MSc in Oil & Gas and Offshore Engineering

Course Information Package

Course Unit CodeMOE511
Course Unit DetailsMSc Oil & Gas and Offshore Engineering (Elective Courses) -
Number of ECTS credits allocated7
Learning Outcomes of the course unitBy the end of the course, the students should be able to:
  1. Describe the types and operation of power generation technologies based on oil, gas, and coal assess and distinguish the different applications of each technology.
  2. Assess factors influencing performance of power plants, via calculation of thermodynamic data, construction of graphs of thermodynamic cycles and energy balance of various types of gas turbines, combined cycle plants, ICE.
  3. Describe the key technologies involved in power generation and specify the requirements for power generation. Analyse, design and manage the various stages of development of novel thermal power plants.
  4. Assess distributed power generation and energy storage technologies. Estimate emissions production and environmental pollution and list emissions reduction technologies. Assess the economical feasibility of different power generation technologies.
  5. Investigate and analyse synchronous machines (AC generators) used as the major electric power generating source.
Mode of DeliveryFace-to-face
Recommended optional program componentsNONE
Course Contents

Introductory aspects for power generation: Principles of fluidmechanics, thermodynamics, combustion and emissions/pollution, and heattransfer. Fuels (Heavy fuel oil, Coal, natural gas,) properties, availability,storage/transport and applications.

Thermal power plants: Components and differenttypes of gas turbines (closed circuit, open circuit). Basic processes in gasturbines (atmospheric air characteristics, compression, combustion andexpansion).  Performance analysis of gasturbines, using simple analysis of an open-circuit gas turbine. Components andtypes of the combined-cycle power plants. Basic processes in the combined-cycle power plants. Performance analysisof a combined-cycle plant, using an open-circuit gas turbine, aninterconnecting heat exchanger and a superheat steam turbine. Different typesof Internal Combustion Engines for power generation. Basic processes in thereciprocating Internal Combustion Engines (Otto and Diesel).  Performance analysis of a high power outputDiesel engine.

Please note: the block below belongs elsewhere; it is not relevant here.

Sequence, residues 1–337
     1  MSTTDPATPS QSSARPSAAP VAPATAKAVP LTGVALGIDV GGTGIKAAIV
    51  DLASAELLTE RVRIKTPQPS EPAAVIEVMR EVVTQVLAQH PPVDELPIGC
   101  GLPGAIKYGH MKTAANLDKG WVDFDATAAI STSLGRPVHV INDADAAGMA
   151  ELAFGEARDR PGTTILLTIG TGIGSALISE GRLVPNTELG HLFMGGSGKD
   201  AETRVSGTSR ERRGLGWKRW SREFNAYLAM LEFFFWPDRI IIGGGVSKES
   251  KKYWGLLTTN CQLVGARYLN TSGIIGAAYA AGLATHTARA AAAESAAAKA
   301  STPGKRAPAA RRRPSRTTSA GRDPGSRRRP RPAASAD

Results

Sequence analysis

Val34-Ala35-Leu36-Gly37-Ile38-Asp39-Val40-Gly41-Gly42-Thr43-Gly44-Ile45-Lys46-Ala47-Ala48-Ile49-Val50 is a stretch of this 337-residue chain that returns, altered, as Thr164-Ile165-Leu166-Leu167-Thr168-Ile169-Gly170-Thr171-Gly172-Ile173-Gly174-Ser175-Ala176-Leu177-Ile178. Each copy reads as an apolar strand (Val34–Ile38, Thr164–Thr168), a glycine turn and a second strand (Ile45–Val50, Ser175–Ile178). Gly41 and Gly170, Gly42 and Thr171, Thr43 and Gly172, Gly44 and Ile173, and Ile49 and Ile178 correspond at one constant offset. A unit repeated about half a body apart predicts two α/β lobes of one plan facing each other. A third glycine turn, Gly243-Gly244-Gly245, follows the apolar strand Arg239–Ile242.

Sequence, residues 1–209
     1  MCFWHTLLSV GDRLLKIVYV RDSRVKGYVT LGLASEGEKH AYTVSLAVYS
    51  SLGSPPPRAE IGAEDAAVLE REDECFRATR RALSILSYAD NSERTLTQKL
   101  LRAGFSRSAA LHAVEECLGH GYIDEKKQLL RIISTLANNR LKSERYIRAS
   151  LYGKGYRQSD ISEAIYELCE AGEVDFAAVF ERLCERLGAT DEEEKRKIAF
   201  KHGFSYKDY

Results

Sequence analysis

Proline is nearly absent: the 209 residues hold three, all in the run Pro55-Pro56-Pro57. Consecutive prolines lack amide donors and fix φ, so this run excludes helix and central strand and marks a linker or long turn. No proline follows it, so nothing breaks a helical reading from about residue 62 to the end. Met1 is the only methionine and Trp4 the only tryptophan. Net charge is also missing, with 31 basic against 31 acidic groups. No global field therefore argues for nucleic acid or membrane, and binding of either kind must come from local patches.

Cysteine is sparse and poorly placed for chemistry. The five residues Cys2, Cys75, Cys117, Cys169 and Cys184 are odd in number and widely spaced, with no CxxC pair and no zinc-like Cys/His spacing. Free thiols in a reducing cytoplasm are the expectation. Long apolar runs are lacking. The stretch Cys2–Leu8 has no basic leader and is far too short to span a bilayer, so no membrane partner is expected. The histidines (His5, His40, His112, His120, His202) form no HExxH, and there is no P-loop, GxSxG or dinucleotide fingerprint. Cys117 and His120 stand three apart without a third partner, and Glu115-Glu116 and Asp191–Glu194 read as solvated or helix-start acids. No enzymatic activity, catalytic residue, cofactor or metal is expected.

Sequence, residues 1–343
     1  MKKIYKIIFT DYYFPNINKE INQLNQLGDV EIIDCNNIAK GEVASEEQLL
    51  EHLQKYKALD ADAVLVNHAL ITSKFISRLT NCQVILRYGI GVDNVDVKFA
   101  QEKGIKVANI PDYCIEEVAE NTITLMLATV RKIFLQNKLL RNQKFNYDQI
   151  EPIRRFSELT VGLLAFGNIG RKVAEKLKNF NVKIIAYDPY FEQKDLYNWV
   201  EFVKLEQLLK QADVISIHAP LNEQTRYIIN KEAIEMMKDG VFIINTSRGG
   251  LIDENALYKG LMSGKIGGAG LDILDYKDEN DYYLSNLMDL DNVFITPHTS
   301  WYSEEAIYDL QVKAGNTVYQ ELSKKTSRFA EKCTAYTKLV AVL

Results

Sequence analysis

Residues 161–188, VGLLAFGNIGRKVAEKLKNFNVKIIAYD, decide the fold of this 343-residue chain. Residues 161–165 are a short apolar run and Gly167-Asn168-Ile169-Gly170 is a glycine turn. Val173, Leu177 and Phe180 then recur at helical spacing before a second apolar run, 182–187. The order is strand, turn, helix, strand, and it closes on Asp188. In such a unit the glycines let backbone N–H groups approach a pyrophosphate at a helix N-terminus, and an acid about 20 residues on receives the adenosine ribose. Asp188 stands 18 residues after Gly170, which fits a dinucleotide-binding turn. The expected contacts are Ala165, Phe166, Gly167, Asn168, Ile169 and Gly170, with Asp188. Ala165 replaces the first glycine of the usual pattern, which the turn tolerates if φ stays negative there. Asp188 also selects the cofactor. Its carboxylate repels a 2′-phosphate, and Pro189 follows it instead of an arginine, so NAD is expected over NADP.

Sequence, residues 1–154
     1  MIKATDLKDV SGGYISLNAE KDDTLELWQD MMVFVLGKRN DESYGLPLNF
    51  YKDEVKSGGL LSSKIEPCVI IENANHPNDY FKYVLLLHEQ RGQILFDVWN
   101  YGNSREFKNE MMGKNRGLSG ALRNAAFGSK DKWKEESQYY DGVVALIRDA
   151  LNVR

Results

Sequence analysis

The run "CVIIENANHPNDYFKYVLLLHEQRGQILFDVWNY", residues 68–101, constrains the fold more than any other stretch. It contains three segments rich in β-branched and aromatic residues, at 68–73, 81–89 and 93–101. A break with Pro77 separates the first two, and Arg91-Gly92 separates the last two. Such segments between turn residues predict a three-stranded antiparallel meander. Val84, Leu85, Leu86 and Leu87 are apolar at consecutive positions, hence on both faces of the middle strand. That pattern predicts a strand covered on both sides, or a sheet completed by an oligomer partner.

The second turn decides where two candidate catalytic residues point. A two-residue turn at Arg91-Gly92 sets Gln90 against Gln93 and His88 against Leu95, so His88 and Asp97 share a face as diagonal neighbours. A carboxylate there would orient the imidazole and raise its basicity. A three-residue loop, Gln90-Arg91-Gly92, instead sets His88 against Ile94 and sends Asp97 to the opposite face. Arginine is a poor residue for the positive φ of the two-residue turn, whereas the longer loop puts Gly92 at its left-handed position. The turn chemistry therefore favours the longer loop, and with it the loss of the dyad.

Energy balance analysis and performancecharacteristics of thermal power plants: Conservation of mass andenergy for control volume. Steady state and transient state analyses of controlvolumes. Energy balance and calculation of the thermal efficiency of gasturbine, steam turbine and combined-cycle. Pressure drops in the variouscomponents of power plants and effects. Improvement of performance viatechnical and operation modifications and quantify the associated effects onperformance.  Synthesis of modificationsrelated with heat exchangers, reheat cycles and other developments.

Other aspects of power generation technologies: Distributed powergeneration. Energy storage technologies. Environmental pollution, emissionsreduction technologies, carbon dioxide capture and storage technologies.Environmental legislation and imposed penalties on pollutant emissions.Economical feasibility of different power generation technologies.

Synchronous Generators: Introductionto Synchronous Machines, Three-phase generation, Equivalent circuit, real andreactive power control, loading capability diagram, heating limits, 2-axismachine model, voltage equations, transient and sub transient effects,short-circuit currents, connection to grid requirements.

Recommended and/or required reading:
  • Poullikkas, A. “Introduction to power generation technologies”. Nova Science Publications. 2010.
  • Rolf Kehlhofer, Rolf Bachmann, Henrik Nielsen, “Combined Cycle Gas & Steam Turbine Power Plants”. PennWell Corp. Publishers, 3rd edition, 2009.
  • Power System Analysis, Grainger J., 1st Edition, McGraw Hill, 1994.
  • Power System Analysis, Grainger J., 1st Edition, McGraw Hill, 1994.
  • Breeze, P. “Power Generation Technologies”. Elsevier, 2005.
  • H. I. H. Saravanamuttoo, G. F. C. Rogers, Henry Cohen. “Gas Turbine Theory”. Prentice Hall, 5th edition, 2001.
  • John B. Heywood. “Internal Combustion Engine Fundamentals”. McGraw Hill Education, 1989.
  • Johansson, B. T., Kelly, H., Reddy A. K. N. and Williams, R. H. E. C. “Renewable Energy: Sources for Fuels and Electricity”. London: Earthscan Publications, 1993.
  • Moran, M. J. and Shapiro, H. W. “Fundamentals of Engineering Thermodynamics”. 6th Edition, John Wiley and Sons. 2008.
  • Electrical Power System Essentials, Pieter Schavemaker, Lou van der Sluis, Wiley, 1st, 2008.
  • Electrical Power System Essentials, Pieter Schavemaker, Lou van der Sluis, Wiley, 1st, 2008.
  • Electrical Machinery Fundamentals, S. Chapman, Prentice Hall, 2005.
  • Electric Power Systems, B. M. Weedy, B.J. Cory, Fourth Edition, Wiley, 1998.
  • Elements of Power System Analysis, Stevenson, W.D. , McGraw Hill Inc., 4th Edition, 1982.
  • 11. Power System Control and Stability, Anderson P. Fouad A., Second Edition, Wiley, 2002.
Planned learning activities and teaching methodsThe course isdelivered to the students by means of lectures, conducted with the help of computerpresentations. Possible visits at local power plants for demonstration ofdifferent types of gas turbines, steam turbines, combined-cycle power plantsand internal combustion engines. Lecture notes and presentations are availablethrough the web for students to use in combination with the textbooks.
Assessment methods and criteria
Final Exam60%
Language of instructionEnglish
Work placement(s)NO